Traveltek

Published on Tuesday, January 13, 2015

Orphanage scam volunteering fuels child trafficking






Kids commoditised, exploited and abused in top 5 Nepalese tourism destinations says report


Next Generation Nepal (NGN) has launched its long-awaited report showing that volunteering in orphanages in Nepal is in fact fueling child trafficking.


The report, "The Paradox of Orphanage Volunteering: Combating Child Trafficking through Ethical Voluntourism," shows that orphanages in Nepal contain over 15,000 children, yet at least two out of three of these children are not orphans. NGN claims that many of these children are being kept in "orphanages" because they are being used as poverty commodities to raise money from well-intentioned but naive fee-paying foreign volunteers and donors. Indeed, almost 90 percent of "orphanages" in Nepal are located in the top five tourist districts for this reason.


The report reviews the history of orphanage trafficking which stems back to the Karnali region during the civil war when parents looked to traffickers to help their children escape forced conscription into the Maoist rebel army.


It argues that the ban by Western nations on inter-country adoptions in 2010 shifted the focus by criminal groups away from "selling" children for adoption toward "selling" opportunities to volunteers and donors to support orphanages.


The report also shows how most orphanages in Nepal do not meet the Government's legal standards, and that abuse and exploitation children in such places are commonplace.


Said Responsible Tourism campaigner Vicky Smith "It has long been known in responsible tourism that tourism involving orphanages (whether as a volunteer or visitor) does not have the positive benefits that many have originally believed or intended, in fact fuelling a demand for often deliberately-squalid orphanage creation to commoditise children for exploitation."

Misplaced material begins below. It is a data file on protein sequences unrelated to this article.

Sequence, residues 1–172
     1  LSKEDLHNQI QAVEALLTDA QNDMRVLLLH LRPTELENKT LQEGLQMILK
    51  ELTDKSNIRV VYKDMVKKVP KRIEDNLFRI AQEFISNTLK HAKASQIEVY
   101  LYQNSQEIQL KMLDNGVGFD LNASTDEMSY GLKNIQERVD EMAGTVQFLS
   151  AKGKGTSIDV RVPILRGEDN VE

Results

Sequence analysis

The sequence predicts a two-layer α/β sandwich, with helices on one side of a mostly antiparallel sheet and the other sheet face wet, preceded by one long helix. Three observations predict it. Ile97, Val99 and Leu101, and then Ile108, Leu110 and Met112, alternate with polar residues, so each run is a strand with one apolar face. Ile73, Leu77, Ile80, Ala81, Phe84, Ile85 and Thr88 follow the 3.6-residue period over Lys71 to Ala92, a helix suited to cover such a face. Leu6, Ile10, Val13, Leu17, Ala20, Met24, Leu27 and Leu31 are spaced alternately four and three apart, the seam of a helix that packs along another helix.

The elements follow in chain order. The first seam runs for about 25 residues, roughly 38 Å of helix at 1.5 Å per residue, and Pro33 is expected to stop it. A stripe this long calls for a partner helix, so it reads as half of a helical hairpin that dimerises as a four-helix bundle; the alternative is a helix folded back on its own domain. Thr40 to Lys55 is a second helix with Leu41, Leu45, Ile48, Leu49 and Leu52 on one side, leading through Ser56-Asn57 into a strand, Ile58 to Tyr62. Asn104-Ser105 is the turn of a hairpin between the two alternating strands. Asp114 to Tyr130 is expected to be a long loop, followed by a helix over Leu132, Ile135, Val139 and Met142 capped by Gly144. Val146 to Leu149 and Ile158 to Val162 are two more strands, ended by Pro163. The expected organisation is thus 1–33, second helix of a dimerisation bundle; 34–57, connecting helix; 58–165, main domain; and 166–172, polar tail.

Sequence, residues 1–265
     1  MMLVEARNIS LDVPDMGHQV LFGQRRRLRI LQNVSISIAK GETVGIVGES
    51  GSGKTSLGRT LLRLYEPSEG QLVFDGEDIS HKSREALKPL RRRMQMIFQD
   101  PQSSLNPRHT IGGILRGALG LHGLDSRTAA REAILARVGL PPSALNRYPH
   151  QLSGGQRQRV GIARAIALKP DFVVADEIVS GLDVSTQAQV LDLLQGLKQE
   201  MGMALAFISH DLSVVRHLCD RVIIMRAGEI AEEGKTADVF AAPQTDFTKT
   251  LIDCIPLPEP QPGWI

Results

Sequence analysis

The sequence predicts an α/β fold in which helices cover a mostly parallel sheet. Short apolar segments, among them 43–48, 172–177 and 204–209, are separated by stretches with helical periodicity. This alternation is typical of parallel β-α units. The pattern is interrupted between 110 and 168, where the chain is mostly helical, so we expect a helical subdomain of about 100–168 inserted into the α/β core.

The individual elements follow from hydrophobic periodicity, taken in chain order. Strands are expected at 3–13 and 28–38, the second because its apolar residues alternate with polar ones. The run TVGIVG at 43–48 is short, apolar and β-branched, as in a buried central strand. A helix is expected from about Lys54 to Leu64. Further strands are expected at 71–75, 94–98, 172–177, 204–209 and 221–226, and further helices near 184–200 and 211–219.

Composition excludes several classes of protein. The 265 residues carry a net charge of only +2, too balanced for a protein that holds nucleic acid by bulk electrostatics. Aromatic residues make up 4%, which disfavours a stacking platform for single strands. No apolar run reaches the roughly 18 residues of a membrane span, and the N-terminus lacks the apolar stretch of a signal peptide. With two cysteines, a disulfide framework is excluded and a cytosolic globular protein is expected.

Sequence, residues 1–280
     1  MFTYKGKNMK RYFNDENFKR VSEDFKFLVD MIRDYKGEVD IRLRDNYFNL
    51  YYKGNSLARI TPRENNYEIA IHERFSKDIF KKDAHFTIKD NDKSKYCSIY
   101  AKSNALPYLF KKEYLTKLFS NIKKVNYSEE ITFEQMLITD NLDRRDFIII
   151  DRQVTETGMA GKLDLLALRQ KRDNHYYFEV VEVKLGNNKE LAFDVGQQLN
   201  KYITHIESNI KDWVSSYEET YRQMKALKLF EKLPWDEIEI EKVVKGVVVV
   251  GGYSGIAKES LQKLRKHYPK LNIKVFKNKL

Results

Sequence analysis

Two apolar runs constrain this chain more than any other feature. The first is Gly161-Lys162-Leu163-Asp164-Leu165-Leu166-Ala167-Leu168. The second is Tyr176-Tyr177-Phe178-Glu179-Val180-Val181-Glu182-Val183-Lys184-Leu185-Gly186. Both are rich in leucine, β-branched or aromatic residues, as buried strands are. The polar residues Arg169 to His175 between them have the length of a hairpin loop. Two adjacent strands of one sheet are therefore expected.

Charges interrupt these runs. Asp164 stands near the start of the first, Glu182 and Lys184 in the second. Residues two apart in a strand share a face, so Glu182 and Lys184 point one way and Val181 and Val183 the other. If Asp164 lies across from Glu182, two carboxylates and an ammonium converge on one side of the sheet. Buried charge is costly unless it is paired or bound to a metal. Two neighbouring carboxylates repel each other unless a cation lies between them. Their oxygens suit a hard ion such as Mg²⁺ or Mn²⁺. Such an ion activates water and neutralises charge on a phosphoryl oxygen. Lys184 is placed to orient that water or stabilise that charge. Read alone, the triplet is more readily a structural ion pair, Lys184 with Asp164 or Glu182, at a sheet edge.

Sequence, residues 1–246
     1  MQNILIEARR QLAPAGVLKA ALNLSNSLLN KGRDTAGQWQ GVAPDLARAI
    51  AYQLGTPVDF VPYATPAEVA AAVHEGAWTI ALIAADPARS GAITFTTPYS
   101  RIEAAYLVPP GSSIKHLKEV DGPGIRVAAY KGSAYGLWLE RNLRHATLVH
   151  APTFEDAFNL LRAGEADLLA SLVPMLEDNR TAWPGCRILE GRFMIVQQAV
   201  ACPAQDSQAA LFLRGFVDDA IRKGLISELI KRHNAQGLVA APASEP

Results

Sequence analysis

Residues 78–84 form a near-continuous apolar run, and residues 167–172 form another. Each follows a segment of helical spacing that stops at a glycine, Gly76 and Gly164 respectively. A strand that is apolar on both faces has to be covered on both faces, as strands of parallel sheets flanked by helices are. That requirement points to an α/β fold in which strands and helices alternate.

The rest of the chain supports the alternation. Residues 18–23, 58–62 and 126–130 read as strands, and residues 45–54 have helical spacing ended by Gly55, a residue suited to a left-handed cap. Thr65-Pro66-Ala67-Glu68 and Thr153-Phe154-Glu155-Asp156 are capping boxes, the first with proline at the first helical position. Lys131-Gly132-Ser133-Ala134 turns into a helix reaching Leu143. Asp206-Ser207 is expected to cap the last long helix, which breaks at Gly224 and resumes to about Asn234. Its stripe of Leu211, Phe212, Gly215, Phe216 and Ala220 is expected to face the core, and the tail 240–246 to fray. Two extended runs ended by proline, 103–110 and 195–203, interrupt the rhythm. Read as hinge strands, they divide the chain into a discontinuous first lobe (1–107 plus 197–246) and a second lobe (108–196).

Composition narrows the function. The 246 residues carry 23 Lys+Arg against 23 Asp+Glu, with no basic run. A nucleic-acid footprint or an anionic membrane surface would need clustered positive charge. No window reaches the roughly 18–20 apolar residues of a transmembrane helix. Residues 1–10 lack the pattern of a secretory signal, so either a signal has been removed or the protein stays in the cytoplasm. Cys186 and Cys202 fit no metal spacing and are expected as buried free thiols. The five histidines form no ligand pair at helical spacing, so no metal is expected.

"Like  UNICEF's 'With the Best Intentions' study of attitudes to residential care in Cambodia before it, this report exposes the grotesque money-making market that is orphanage tourism, trading on the guilt of Western philanthropic concerns and personal ego desires rather than any realistic local needs, which all too frequently offer nothing in the way of background checks or child protection."


"Vulnerable children, possibly already neglected and abused in life, and often involved in fund raising for their own support through tourism performances and begging, experience emotional attachment, abandonment and trauma time and time again. Many have families, poverty-stricken, desperate and promised a better life and education for their child, who is then trafficked in this manner."


"The report is a welcome acknowledgement of the situation in Nepal so that, like Cambodia, it may now address policies for development of child care alternatives in the community and through extended families in preference to residential care, and thus stem the supply. "


"Travel  companies and tourists need to be aware that fake orphanages and trafficking are the consequences of their demand, and offered information on responsible alternative ways of supporting childcare and community development. "


The subject is certain to be discussed at Tourism Concern's upcoming Ethical Tourism Conference, details HERE


Valere Tjolle


This weeks special offers:


Book massive sustainable exposure at ITB:


Dramatic 2015 reductions on tourism guides and reports:


 


 


 

Story Image



Your Comments

, be the first to post a comment.
Your email:






Email other comments made to this story


NOTE: Comments are subject to admin approval before being posted.
Mole Poll
Are you seeing an early 'peaks' season emerging pre Christmas ?
yes 54.81 %
no 45.19 %

Thank you for your vote




Move scroll bar (above) left to right for more videos!

UPCOMING EVENTS
Sponsored features

Wow, it's a game changer!

Welcome to the world of Stuba!

Stuba is the unified brand following the merger of getabed and roomsXML.  Stuba.com is a brand new website, showcasing the very best product and technology  from the combined business

\m